search icon
  • Print
  • ShareThis
  • Text Size
  • IDSA
  • MERS Clinical Update from the IDSA

    (Updated 5/19/2014) An update on the current situation regarding Middle East Respiratory Syndrome (MERS) with links to credible source materials of particular relevance for ID specialists.

    Epidemiology

    In 2012 a novel human coronavirus (subsequently designated MERS-CoV) was reported as the etiology of severe community-acquired pneumonia1. Since then sporadic cases and asymptomatic infections continued to be detected in countries in the Arabian Peninsula with a few travel-associated cases imported elsewhere. In the past 2 months a notable increase has occurred in the number of cases of MERS-CoV infection reported in countries in or near the Arabian Peninsula, as well as an increase in countries reporting imported cases. This development prompted review on May 13, 2014 by the WHO Emergency Committee which noted no sustained chains of human-to-human transmission, but registered concern about the trend. Two imported cases have now been reported in the US this month2 with an additional secondary case in a contact who seroconverted3.

    Clinical Aspects

    Both upper and lower respiratory tract infection are described. The severity of pneumonia has varied from mild to clinically necessitating hospitalization, ICU management and ventilator support. Kidney failure has developed in some cases. GI symptoms have included nausea, vomiting and diarrhea and may precede respiratory symptoms. Asymptomatic infections have been noted mainly through contact investigations. As of May 16, 2014 WHO has reported 572 laboratory-confirmed cases of which 173 have been fatal4. Health-care workers (HCWs) account for 19% of cases2. For secondary cases of human-to-human transmission the median incubation period was 5 days (range 3-12 days)2.

    Diagnostics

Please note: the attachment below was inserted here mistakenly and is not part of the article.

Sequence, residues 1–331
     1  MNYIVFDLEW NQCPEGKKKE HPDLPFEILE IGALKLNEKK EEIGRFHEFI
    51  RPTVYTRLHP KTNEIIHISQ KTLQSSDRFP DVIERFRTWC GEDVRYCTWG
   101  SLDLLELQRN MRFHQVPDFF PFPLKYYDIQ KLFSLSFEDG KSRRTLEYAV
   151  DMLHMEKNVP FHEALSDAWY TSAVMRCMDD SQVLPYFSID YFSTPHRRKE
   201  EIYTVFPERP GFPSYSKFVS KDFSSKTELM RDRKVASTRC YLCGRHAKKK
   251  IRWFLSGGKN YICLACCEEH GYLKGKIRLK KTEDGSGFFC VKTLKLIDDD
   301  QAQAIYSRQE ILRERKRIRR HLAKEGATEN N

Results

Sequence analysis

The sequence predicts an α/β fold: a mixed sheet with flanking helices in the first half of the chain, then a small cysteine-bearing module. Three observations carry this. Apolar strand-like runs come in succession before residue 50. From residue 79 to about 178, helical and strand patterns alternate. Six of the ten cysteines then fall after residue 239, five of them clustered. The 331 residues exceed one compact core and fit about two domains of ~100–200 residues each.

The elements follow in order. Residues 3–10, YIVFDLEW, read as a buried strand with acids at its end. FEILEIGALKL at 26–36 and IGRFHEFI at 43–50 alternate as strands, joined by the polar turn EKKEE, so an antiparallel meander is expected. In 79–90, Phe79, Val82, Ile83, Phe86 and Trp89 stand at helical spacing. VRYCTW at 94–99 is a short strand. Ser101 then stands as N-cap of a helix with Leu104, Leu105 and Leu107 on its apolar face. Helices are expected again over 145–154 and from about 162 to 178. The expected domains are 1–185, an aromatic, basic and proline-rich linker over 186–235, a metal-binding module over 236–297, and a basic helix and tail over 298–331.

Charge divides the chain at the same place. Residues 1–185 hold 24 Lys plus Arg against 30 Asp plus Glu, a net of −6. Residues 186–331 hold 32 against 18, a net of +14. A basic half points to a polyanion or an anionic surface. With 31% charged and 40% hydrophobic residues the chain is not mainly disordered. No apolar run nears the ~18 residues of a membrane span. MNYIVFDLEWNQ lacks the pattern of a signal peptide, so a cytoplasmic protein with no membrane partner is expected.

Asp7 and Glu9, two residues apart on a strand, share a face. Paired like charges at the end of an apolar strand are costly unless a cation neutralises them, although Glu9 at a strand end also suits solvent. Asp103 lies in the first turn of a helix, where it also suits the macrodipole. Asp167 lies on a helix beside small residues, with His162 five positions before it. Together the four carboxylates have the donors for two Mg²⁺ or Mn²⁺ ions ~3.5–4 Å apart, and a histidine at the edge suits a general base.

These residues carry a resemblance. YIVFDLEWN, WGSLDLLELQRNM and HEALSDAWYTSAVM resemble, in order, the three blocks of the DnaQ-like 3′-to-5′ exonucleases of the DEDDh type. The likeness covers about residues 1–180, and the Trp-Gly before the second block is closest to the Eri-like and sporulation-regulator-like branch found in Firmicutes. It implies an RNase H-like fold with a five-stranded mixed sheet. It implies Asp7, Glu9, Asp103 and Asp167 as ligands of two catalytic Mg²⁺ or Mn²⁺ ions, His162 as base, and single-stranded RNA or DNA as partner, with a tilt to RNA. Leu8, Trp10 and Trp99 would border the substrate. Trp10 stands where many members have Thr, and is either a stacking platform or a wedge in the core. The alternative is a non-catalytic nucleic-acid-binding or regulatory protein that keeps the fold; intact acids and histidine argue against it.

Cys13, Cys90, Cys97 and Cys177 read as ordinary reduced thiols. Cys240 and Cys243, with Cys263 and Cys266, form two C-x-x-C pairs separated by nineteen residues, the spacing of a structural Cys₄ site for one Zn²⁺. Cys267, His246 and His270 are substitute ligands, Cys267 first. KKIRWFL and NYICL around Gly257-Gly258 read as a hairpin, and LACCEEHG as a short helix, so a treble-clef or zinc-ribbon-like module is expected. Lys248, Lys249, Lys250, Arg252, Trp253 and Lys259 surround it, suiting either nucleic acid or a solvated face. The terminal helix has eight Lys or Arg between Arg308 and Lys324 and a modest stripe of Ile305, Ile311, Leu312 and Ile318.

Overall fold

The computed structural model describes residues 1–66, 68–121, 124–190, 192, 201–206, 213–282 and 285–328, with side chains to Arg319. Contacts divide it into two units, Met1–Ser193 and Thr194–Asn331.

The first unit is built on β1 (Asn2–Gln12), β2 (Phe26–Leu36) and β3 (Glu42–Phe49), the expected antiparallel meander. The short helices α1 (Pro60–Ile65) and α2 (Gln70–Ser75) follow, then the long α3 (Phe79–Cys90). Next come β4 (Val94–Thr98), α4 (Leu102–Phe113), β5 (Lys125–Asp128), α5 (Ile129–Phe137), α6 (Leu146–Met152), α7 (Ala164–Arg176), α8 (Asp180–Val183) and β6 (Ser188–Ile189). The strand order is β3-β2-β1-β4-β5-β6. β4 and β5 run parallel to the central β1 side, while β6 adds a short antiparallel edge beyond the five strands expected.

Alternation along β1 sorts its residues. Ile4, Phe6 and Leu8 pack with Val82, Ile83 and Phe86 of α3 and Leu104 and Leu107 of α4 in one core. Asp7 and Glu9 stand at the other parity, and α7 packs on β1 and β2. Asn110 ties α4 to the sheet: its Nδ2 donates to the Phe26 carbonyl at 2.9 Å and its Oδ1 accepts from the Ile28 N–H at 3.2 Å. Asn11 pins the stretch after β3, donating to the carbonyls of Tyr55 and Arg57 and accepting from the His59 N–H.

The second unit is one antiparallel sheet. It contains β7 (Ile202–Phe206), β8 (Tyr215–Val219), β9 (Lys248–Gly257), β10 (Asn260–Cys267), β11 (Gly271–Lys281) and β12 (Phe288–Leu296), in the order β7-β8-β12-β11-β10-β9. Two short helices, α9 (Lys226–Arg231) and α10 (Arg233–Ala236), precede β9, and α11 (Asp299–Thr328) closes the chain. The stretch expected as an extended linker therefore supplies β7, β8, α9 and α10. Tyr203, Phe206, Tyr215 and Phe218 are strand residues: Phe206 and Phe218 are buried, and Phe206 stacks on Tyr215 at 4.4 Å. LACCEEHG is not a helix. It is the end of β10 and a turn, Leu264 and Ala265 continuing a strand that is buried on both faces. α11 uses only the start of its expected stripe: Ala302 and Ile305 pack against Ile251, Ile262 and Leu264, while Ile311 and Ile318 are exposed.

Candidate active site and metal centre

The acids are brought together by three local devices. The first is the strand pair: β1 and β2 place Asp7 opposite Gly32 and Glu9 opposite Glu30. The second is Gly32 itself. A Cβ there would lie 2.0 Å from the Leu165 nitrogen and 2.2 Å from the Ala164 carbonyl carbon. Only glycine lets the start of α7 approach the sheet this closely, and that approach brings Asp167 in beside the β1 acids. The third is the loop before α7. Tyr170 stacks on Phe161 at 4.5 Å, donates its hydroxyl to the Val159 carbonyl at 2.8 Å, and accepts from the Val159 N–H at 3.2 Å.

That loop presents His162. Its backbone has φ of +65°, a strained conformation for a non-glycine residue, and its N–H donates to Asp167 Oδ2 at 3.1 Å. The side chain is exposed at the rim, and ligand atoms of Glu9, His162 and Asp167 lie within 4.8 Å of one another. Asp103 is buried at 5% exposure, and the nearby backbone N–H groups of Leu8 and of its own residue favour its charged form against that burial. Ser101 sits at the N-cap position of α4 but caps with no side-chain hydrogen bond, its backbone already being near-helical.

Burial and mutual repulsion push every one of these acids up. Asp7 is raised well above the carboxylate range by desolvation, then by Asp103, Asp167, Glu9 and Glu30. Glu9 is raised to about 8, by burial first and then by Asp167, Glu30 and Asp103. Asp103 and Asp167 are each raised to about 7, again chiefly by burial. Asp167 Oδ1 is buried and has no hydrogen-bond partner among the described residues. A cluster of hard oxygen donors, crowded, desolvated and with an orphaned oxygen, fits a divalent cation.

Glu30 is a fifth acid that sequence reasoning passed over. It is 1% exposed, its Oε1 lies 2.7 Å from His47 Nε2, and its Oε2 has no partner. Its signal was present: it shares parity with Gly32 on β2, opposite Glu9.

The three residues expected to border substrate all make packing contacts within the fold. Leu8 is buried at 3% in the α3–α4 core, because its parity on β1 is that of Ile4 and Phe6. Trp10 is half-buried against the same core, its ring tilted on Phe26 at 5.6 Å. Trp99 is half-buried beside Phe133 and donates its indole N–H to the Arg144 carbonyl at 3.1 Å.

In the US at the present time, persons who meet these criteria5 are recommended for testing for MERS-CoV:

    Fever and pneumonia or ARDS with one of the following:

    • Travel in the past 14 days from countries in or near the Arabian Peninsula
    • Close contact with an ill traveler who has fever and acute respiratory illness (not necessarily pneumonia) with the same travel history as above
    • Close contact with a confirmed or probable MERS case ill at the time of contact
          

    Clusters of severe pneumonia of unknown etiology can be considered for testing for MERS-CoV in conjunction with state health department consultation.

    A real-time RT-PCR assay for MERS-CoV is available in the US through most state health department laboratories. Specimens for rRT-PCR testing include specimens from the upper and lower respiratory tract (e.g. nasopharyngeal swab, sputum, BAL), blood and stool6. If it is within 14 days of symptom onset, multiple specimens should be obtained from different sites and at different intervals from symptom onset for rRT-PCR testing. MERS-CoV viral load and genome yield were higher in specimens of lower respiratory tract origin7. Serology is included if more than 14 days from onset have elapsed. Interpretation of MERS-CoV laboratory results is provided with case definition8.